As an ethnographic experiment, Mexican Exposures was both deliberately and accidentally complicated. A deliberate decision was made to make this a collaborative ethnography: not only do several field researchers write field notes, those raw notes are then read, analyzed, and written about by other people (students included) who have never visited the site itself. The accidental complication, however, was the discovery that one of the field researchers had been inventing and plagiarizing field note. Taken together, these two issues raise fraught questions about the epistemic and interpersonal trust we place in ethnographers and ethnographic data, and the extent to which anthropological data can be separated from the body of the ethnographer.
On the epidemiological side, a different fieldwork tradition already presupposes that some data is lost or stripped away when it leaves the field. For instance, the situated knowledge of female field technicians and administrators in Mexico is lost, as biological samples and data-sets cross national borders. A different kind of embodied knowledge is being created and then dissipated in epidemiology: one that echoes but also challenges our presumptions about the value of ethnography. In our collaboration, we attempted to re-center this situated knowledge. But does this in itself create more problems than it solves, if it rarifies the bodies and lives of women in the field?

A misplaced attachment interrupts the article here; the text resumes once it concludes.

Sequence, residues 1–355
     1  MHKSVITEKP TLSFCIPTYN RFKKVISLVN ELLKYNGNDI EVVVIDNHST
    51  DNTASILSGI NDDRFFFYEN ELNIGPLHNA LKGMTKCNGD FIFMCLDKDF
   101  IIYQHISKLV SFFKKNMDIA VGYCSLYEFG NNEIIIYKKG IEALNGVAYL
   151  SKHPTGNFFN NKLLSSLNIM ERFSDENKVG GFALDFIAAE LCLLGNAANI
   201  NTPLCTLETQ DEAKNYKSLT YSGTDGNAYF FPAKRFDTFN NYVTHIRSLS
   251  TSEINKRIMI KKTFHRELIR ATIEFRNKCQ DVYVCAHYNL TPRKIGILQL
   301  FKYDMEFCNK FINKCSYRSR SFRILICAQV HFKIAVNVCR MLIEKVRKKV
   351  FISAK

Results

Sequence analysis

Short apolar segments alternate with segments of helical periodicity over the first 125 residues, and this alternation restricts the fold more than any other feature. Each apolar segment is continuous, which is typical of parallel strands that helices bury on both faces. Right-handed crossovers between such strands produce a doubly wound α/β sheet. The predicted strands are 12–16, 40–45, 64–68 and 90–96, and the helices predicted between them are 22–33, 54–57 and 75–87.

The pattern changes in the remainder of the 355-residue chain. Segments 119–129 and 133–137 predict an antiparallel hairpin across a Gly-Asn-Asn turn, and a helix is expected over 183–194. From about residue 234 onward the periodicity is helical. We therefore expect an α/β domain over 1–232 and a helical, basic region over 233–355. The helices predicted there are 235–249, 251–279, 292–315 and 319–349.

Anthropology as Critical Empathy: The deliberate work of humanizing Objects and Others, in the practice of North American archaeology and ethnography. In prep.
This paper comes out of my long-term ethnography of transnational archaeological practice in the Andean archaeology, and earlier qualitative research on British and Finnish archaeologists who work with human remains. Focusing on North American four-field anthropology, I explore similarities between archaeological and ethnographic methods, specifically the way both subfields search for humanness in material objects and in other people. My aim is to argue for a re-appreciation of anthropology as a science of the human. But rather than look at writing and the circulation of texts, I take an STS approach to understanding epistemology in practice, by looking in detail at how ethnographers and archaeologists use their own bodies and selves as tools.
“An Oasis on Campus”: Experiences of Community, Trust, and Employment Among Students Who Work at the Smart Museum of Art. Report commissioned for the Smart Museum of Art, Chicago. (Aug 2014) (PDF)
Predicting Student Success: Student, Family, and Pre-Matriculation Factors at a Diverse, Urban University. UIC Office for Research on Student Success Research Brief Farruggia, S., Bottoms, B.L., Leighton, M., Wellman, M., Moss, T. and Brow, M. (Aug 2015) (Link)